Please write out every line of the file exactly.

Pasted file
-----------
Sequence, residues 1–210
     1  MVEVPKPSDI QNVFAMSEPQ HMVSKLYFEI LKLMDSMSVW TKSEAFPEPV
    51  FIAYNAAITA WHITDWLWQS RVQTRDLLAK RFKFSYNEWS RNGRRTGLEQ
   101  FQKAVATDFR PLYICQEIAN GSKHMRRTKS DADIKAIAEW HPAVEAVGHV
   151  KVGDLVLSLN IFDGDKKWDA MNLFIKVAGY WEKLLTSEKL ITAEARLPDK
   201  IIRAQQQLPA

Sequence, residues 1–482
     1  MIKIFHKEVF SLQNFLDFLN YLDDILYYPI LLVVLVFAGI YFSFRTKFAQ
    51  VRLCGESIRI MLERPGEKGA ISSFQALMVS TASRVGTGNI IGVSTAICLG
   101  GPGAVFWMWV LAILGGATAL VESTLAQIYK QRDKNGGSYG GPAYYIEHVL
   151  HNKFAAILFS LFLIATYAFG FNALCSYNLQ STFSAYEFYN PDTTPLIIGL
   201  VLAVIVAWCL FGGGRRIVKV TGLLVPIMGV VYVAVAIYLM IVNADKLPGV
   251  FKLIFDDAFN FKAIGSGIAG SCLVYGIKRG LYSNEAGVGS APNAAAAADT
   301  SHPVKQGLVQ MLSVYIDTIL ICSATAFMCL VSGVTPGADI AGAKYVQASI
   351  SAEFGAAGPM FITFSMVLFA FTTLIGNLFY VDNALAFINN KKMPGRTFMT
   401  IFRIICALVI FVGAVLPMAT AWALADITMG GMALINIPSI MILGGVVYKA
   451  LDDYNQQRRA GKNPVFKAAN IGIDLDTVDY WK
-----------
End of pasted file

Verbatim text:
Sequence, residues 1–210
     1  MVEVPKPSDI QNVFAMSEPQ HMVSKLYFEI LKLMDSMSVW TKSEAFPEPV
    51  FIAYNAAITA WHITDWLWQS RVQTRDLLAK RFKFSYNEWS RNGRRTGLEQ
   101  FQKAVATDFR PLYICQEIAN GSKHMRRTKS DADIKAIAEW HPAVEAVGHV
   151  KVGDLVLSLN IFDGDKKWDA MNLFIKVAGY WEKLLTSEKL ITAEARLPDK
   201  IIRAQQQLPA

Sequence, residues 1–482
     1  MIKIFHKEVF SLQNFLDFLN YLDDILYYPI LLVVLVFAGI YFSFRTKFAQ
    51  VRLCGESIRI MLERPGEKGA ISSFQALMVS TASRVGTGNI IGVSTAICLG
   101  GPGAVFWMWV LAILGGATAL VESTLAQIYK QRDKNGGSYG GPAYYIEHVL
   151  HNKFAAILFS LFLIATYAFG FNALCSYNLQ STFSAYEFYN PDTTPLIIGL
   201  VLAVIVAWCL FGGGRRIVKV TGLLVPIMGV VYVAVAIYLM IVNADKLPGV
   251  FKLIFDDAFN FKAIGSGIAG SCLVYGIKRG LYSNEAGVGS APNAAAAADT
   301  SHPVKQGLVQ MLSVYIDTIL ICSATAFMCL VSGVTPGADI AGAKYVQASI
   351  SAEFGAAGPM FITFSMVLFA FTTLIGNLFY VDNALAFINN KKMPGRTFMT
   401  IFRIICALVI FVGAVLPMAT AWALADITMG GMALINIPSI MILGGVVYKA
   451  LDDYNQQRRA GKNPVFKAAN IGIDLDTVDY WK